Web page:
Mitsui Fudosan America’s 50-story multifamily faces wave of appeals
Two more last-minute filings delay project that could change the LA skyline
In early October, it looked like Mitsui Fudosan America’s 50-story Park Terrace project in downtown Los Angeles was headed to a vote before the L.A, City Council after slogging through five years of the approval process at City Hall.
The 580-unit apartment project had already weathered several appeals and won approval from the Planning Commission. But it has run headlong into new hurdles with two last-minute appeals to the city’s Planning Commission — a familiar scenario for any developer.
In the most recent round of the approval process, the commission’s determination letter gave Oct. 11 as the deadline to file an appeal for the project located on the corner of 754 South Hope Street and 609 West 8th Street by The Bloc retail center.
But then another developer filed an appeal on Oct. 6. And a labor-affiliated group filed a second appeal on Oct. 11. Both groups had filed appeals earlier — both were rejected.
Digital Realty, headquartered in Austin, complains in its new appeal that MFA has failed to comply with the state’s CEQA law because the environmental impacts for MFA’s project have not been adequately explored.
The developer’s appeal asserts that MFA did not adequately consider how the skyscraper will affect two neighboring buildings eligible for California’s Register of Historical Resources. It also contends that MFA breaks guidelines set forth by the city’s Downtown Design Guide. MFA’s proposed property line for the tower is only 40 feet from another proposed building — a Digital Realty project.
In April, Digital Realty filed plans to develop a 13-story data center at 727 South Grand Avenue. The windowless building would feature nine floors of data suites to house computer servers, data storage drives and networking equipment.
The second appeal came from the union-affiliated Coalition for Responsible Equitable Economic Development Los Angeles, which alleges the project breaks CEQA and zoning rules. CREED LA’s appeal says the commission did not adequately consider how the project will affect the surrounding environment with greenhouse gasses and noise pollution.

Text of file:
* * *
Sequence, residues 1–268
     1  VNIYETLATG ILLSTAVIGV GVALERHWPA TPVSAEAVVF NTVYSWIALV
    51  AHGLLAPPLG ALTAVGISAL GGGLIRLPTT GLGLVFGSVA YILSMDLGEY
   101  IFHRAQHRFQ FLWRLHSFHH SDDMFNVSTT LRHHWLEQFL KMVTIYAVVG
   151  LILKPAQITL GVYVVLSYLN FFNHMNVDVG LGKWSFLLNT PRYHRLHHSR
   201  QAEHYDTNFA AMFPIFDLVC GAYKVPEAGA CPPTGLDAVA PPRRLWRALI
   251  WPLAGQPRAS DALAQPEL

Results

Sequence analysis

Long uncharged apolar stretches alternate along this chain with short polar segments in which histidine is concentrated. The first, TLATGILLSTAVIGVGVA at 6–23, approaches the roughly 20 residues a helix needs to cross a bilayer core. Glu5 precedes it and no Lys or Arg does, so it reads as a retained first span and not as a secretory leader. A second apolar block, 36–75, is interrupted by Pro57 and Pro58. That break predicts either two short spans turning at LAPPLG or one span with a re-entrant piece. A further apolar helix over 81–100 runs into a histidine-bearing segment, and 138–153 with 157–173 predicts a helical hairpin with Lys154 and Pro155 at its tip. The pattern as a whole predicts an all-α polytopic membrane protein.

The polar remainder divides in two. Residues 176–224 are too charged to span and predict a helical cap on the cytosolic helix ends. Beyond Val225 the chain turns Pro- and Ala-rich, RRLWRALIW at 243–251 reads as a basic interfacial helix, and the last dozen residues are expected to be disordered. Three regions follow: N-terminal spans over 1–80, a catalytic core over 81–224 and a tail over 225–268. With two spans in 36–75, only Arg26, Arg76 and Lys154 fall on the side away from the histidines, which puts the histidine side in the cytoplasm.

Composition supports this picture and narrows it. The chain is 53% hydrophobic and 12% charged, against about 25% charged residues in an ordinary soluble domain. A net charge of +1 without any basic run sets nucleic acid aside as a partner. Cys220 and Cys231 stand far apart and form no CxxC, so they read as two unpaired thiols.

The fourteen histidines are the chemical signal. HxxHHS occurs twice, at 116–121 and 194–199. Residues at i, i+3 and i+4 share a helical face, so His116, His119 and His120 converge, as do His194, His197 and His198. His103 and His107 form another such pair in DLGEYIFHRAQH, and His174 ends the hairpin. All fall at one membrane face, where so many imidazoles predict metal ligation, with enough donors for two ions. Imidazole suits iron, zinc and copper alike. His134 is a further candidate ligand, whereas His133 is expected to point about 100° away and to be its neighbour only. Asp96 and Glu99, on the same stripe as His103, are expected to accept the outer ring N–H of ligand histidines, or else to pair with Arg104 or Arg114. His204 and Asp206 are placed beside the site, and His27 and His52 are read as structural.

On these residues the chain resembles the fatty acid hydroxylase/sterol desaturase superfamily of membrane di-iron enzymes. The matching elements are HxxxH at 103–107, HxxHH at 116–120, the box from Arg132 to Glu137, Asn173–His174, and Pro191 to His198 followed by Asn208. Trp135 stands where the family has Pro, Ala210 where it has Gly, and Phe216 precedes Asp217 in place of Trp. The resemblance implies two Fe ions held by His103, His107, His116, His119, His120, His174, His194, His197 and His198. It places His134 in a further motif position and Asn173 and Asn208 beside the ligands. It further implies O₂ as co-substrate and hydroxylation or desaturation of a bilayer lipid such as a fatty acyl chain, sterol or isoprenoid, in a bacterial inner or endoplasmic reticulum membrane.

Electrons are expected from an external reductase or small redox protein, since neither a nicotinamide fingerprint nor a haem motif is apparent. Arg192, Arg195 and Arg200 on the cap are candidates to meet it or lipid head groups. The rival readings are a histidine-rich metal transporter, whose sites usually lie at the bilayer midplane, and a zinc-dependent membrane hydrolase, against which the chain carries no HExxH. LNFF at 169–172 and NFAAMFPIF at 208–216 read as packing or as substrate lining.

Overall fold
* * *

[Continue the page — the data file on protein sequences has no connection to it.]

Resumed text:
Previous appeals by Digital Realty and CREED LA were rejected by the Planning Commission in July.
The new appeals have not yet been scheduled for discussion, according to a Los Angeles Planning Department representative. MFA declined to comment. A Digital Realty representative did not return a request for comment.
The MFA project illustrates a common script for developers, said Daniel Freedman, a land use attorney and partner at Jeffer Mangels Butler & Mitchell in Los Angeles.
“Typically, these appeals are brought against projects to either delay the development, extract conditions or try to force the developer to modify some aspect of the project itself. On rare occasions, it’s a shake-down. It’s an attempt to extract a financial compensation in exchange for dismissing or abandoning an appeal that would otherwise take months or years to process,” Freedman said.
He added that MFA can probably expect to be challenged again with appeals.
Keon Truth, vice president of The Mogharebi Group, a multifamily investment sales firm headquartered in Costa Mesa, said the delays caused by multiple appeals can set back the clock on project financing.
“The developers we speak with are looking at all of the projects in their portfolios, and they’re asking, ‘Are my debt and equity patient? Do I need to restructure the capital stack? Do I need to sell it now as entitled and get out, because it will be too expensive for me to hold it?’” he said.
However, Truth confirmed that Los Angeles remains a solid multifamily market. According to information from Yardi and CoStar, there are about 15 developments currently under construction in Downtown Los Angeles, representing more than 4,300 units.